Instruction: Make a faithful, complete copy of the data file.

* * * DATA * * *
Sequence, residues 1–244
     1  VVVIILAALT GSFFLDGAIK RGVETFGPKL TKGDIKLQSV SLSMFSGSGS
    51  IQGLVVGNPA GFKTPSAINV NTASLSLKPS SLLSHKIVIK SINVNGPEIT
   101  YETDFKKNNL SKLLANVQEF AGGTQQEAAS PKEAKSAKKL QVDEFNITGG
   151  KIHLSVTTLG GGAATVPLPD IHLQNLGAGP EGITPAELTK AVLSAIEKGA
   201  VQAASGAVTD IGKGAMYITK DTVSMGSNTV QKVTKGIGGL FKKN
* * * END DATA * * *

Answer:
Sequence, residues 1–244
     1  VVVIILAALT GSFFLDGAIK RGVETFGPKL TKGDIKLQSV SLSMFSGSGS
    51  IQGLVVGNPA GFKTPSAINV NTASLSLKPS SLLSHKIVIK SINVNGPEIT
   101  YETDFKKNNL SKLLANVQEF AGGTQQEAAS PKEAKSAKKL QVDEFNITGG
   151  KIHLSVTTLG GGAATVPLPD IHLQNLGAGP EGITPAELTK AVLSAIEKGA
   201  VQAASGAVTD IGKGAMYITK DTVSMGSNTV QKVTKGIGGL FKKN